Comparing Two Arizona Scandals

A Phoenix newspaper investigation in November found that Valley Metro Chief Executive Officer (CEO) Steve Banta appeared to have abused his expense account by several tens of thousands of dollars. Valley Metro is the metropolitan Phoenix public mass transit district that manages the local bus and light rail system.

Banta subsequently resigned and the district’s new interim CEO, Eric Anderson, told the district’s governing boards that Valley Metro’s travel budget will be reduced and all employee travel expenses will be scrutinized from now on. The City of Phoenix, the largest contributor to the district’s budget, is conducting an audit of all of the organizations travel expenses back to 2010.

Valley Metro operates with public funding, so there was justifiable outrage when Banta’s inappropriate expenditures were revealed, especially from local conservative politicians. The three most conservative members of the Phoenix City Council sent a letter to Arizona State Attorney General Mark Brnovich calling for a criminal investigation into Banta’s spending. Brnovich, also a conservative Republican, responded by recently announcing that his office will conduct a criminal investigation of Banta’s questionable expenditures.

Conservative Republican state Rep. Warren Petersen also reacted to the scandal by announcing he will introduce legislation to crack down on public officials who commit fraud and misappropriate public funds. “Termination from a high position in government office should not be like winning the Lotto,” Petersen said. He was referring to the fact that Banta will still be entitled to a $265,000 annuity that was part of his employment contract. There’s already a state law that disqualifies government employees convicted of felonies committed while they’re on the job from collecting a state retirement pension, but Petersen says his proposal will go further.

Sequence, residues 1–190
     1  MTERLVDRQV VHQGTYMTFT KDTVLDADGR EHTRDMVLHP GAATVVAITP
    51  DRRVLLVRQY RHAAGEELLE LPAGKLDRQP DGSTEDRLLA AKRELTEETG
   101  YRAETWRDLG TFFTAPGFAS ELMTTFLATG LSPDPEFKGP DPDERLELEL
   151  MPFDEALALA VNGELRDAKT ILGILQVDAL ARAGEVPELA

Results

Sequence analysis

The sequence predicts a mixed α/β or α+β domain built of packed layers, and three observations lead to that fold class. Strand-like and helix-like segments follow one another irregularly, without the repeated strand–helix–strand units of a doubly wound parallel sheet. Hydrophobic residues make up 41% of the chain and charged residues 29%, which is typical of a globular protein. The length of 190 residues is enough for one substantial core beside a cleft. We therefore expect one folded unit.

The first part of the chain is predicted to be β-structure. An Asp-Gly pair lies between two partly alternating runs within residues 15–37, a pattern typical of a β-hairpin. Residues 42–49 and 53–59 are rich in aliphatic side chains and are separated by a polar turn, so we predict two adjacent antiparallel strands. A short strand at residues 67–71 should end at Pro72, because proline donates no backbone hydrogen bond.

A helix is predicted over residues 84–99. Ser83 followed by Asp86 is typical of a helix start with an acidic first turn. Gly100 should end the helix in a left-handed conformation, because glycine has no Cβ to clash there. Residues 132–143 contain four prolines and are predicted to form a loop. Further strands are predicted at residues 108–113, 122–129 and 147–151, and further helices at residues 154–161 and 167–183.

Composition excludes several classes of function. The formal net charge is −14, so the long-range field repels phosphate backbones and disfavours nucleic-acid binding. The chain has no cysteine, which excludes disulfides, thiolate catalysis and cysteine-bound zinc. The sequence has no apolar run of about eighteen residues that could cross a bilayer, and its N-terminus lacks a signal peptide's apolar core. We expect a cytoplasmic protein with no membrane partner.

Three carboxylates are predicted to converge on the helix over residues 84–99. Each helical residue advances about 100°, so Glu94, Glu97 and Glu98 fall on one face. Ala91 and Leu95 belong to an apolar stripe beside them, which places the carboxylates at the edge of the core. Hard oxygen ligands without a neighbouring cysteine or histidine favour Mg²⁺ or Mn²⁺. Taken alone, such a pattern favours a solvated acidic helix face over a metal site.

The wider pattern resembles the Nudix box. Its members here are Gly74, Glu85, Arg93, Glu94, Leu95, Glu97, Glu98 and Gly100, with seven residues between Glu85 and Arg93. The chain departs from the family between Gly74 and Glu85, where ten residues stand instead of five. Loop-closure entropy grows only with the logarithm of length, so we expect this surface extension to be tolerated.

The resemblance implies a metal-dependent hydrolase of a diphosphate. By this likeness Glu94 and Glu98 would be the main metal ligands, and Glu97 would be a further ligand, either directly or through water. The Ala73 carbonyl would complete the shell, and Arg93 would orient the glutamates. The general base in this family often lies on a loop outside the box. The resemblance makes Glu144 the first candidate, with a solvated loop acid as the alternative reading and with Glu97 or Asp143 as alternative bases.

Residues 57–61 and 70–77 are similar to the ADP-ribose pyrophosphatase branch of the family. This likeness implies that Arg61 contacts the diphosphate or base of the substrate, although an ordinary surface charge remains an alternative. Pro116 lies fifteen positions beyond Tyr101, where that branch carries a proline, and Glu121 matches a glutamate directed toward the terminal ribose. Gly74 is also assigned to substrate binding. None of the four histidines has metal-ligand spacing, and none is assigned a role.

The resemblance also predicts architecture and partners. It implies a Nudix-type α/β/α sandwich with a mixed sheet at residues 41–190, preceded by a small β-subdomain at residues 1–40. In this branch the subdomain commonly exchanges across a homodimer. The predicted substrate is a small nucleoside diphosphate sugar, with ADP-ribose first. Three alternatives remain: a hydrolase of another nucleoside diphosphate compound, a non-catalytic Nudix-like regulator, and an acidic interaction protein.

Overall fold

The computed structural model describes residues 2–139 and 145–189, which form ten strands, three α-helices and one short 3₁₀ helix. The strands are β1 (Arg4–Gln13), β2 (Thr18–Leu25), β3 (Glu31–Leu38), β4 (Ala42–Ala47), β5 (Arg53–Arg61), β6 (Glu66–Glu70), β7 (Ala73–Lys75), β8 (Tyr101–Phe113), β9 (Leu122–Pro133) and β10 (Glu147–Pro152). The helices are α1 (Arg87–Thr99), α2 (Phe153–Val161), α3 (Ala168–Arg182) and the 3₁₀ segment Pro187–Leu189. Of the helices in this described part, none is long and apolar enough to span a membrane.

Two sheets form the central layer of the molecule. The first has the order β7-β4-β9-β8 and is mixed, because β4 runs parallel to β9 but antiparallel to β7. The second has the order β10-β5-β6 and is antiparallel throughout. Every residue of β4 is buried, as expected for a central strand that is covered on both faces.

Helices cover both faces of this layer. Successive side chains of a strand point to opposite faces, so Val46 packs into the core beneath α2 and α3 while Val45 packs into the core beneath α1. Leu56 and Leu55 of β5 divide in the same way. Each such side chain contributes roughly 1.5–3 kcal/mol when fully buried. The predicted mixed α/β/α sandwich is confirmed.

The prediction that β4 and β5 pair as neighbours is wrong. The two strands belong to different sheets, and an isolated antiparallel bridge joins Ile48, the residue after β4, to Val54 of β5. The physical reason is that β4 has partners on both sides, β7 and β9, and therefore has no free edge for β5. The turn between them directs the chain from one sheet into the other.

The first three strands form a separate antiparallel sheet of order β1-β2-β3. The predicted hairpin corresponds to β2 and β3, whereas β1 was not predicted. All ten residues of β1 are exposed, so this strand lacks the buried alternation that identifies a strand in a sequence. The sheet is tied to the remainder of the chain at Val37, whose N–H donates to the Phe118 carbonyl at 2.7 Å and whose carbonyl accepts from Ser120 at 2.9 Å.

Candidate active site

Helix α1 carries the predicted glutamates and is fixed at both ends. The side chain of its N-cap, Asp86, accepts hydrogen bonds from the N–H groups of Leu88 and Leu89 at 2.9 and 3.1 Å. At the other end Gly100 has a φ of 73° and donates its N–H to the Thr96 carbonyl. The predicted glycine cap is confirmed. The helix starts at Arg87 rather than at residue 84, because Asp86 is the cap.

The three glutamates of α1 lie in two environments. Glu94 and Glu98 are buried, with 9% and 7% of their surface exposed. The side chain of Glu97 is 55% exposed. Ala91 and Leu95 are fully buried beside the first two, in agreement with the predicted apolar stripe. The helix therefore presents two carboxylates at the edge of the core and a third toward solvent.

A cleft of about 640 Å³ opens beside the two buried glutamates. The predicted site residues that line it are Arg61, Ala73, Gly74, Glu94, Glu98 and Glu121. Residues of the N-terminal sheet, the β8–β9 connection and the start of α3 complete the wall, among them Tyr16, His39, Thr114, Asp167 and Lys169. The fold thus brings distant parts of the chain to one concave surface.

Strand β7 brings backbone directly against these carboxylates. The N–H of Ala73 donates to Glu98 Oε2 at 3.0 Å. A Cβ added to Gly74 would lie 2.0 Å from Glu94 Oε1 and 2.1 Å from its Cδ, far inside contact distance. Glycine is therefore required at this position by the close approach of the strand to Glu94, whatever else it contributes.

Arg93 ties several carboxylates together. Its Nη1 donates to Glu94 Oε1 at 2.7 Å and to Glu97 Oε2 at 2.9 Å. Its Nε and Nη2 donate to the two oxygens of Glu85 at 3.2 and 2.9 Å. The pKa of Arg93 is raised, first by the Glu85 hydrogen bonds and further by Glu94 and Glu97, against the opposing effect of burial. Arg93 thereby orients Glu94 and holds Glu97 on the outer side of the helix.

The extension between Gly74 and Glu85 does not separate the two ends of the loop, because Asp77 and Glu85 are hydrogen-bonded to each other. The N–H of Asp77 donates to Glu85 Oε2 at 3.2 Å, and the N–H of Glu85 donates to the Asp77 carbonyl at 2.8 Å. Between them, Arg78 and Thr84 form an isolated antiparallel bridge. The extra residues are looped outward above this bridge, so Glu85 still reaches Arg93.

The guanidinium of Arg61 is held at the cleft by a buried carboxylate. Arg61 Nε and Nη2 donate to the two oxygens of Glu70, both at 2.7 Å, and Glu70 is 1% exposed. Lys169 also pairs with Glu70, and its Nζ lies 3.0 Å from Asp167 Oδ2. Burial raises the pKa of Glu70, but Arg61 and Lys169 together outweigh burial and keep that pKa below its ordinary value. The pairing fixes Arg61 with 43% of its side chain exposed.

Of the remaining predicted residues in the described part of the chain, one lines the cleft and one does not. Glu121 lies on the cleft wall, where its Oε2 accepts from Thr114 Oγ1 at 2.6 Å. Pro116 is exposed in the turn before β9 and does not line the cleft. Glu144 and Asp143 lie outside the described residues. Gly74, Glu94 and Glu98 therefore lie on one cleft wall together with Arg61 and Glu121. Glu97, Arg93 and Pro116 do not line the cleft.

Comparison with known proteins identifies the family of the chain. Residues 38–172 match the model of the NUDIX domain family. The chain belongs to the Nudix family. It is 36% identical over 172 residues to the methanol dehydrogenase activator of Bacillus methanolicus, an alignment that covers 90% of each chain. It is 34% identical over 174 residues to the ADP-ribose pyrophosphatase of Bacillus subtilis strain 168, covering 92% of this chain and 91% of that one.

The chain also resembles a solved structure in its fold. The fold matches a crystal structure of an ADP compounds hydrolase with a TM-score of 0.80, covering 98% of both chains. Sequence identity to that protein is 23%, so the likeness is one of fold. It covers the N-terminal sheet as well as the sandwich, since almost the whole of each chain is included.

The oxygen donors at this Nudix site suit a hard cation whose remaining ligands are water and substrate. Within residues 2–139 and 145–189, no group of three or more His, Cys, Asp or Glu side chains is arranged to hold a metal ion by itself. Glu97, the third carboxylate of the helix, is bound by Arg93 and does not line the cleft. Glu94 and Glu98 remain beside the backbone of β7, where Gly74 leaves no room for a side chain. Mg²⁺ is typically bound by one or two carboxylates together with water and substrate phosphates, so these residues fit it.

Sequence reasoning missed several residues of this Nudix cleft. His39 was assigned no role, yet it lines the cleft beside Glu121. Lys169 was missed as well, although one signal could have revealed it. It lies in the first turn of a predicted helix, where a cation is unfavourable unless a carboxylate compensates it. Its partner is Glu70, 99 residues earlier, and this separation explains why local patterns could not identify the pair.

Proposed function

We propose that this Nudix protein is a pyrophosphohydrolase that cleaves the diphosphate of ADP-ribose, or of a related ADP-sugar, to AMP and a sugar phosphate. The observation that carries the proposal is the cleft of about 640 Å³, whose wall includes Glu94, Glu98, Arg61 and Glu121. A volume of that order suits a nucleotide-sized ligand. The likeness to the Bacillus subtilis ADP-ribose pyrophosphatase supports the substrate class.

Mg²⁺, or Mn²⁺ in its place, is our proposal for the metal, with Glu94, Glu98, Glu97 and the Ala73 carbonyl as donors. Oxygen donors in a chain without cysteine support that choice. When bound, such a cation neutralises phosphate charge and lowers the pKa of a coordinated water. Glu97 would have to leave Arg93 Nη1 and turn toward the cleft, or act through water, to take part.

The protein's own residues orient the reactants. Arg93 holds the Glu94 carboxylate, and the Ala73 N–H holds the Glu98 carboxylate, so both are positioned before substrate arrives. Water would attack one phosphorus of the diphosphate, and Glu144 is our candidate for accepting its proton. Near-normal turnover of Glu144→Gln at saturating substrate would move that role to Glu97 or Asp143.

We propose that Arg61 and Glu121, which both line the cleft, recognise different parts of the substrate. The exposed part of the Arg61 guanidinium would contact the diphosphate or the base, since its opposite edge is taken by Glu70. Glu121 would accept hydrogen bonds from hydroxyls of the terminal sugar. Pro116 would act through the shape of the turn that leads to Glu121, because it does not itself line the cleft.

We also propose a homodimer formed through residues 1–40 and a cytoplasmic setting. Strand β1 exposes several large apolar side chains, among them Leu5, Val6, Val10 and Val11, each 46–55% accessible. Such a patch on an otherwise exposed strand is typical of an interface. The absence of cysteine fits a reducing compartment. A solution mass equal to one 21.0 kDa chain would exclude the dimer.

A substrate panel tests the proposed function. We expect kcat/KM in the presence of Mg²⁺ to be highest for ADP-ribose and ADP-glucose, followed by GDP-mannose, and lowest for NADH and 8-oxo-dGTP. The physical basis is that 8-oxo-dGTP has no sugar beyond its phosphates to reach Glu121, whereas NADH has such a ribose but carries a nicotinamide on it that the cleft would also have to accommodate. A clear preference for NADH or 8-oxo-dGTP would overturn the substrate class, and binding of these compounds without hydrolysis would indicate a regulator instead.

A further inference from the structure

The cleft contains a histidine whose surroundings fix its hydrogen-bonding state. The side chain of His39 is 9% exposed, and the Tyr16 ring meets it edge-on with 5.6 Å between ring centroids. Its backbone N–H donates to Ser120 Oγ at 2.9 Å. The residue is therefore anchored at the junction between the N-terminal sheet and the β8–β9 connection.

Joe Arpaio
Joe Arpaio (Phoenix New Times)

In the meantime, malfeasance by conservative Republican Maricopa County Sheriff Joe Arpaio since he assumed office in 1993 has cost county taxpayers an estimated $142 million in legal settlements, court awards and legal fees.

Furthermore, in 2013 U.S. District Court Judge Murray Snow ruled that Arpaio’s office was guilty of violating the constitutional rights of Latino drivers by stopping them for essentially “driving while brown.” The judged ordered Arpaio’s office to cease using race or ancestry as a grounds to stop, detain or hold occupants of vehicles.

The sheriff’s office didn’t comply, so in January of 2015 Judge Snow announced he was initiating civil contempt charges against Arpaio for failing to follow his orders. One of the things that was revealed during the court testimony was that Arpaio paid at least $250,000 in public funds to a Seattle investigator before he figured out the investigator was a con artist. The plaintiffs in the case submitted evidence that Arpaio paid the investigator to see if Judge Snow was participating in a conspiracy against him. Mike Zullo, a member of one of Arpiao’s volunteer posses, oversaw the operation and testified in court that the investigation wasn’t intended to hurt the judge. Arpaio may have committed perjury too when he first denied any knowledge of the investigation and then later testified he knew about it. This prompted Judge Snow to declare in court that Arpaio, “has not been fully forthcoming with this court.” After testimony concluded in contempt hearings Judge Snow warned that a criminal contempt case my result from the testimony of Arpaio and his minions.

The Maricopa County Board of Supervisors, which is controlled by Republicans, has failed to take any actions against Arpaio. Instead, they recently raised property taxes and one of the reasons was to help pay the additional bills the county has incurred as a result of Arpaio’s offensive behavior.

Arizona Attorney General Mark Brnovich hasn’t yet announced that he’s investigating Arpaio. The same can be said for conservative Republican Maricopa County Attorney Bill Montgomery.

It’s obvious there are two types of government scandals in Arizona, and local conservative politicians and media outlets are deciding which ones matter the most.


On November 8, 2016, Maricopa County voters finally wised-up to Sheriff Joe Arpaio and voted him out of office by a margin of 66 to 44 percent.

On July 31, 2017, U.S. District Court Judge Susan Bolton found Joe Arpaio guilty of criminal contempt of court for violating a court order to stop racial profiling by his deputies.

On August 25, 2017, President Donald Trump pardoned former Maricopa County Sheriff Joe Arpaio.

On September 10, 2018, former Valley Metro CEO Steve Banta pleaded guilty to misusing public money on dining and travel expenses.

On November 20, 2018, former Valley Metro CEO Steve Banta was sentenced to probation and a $6,000 fine.

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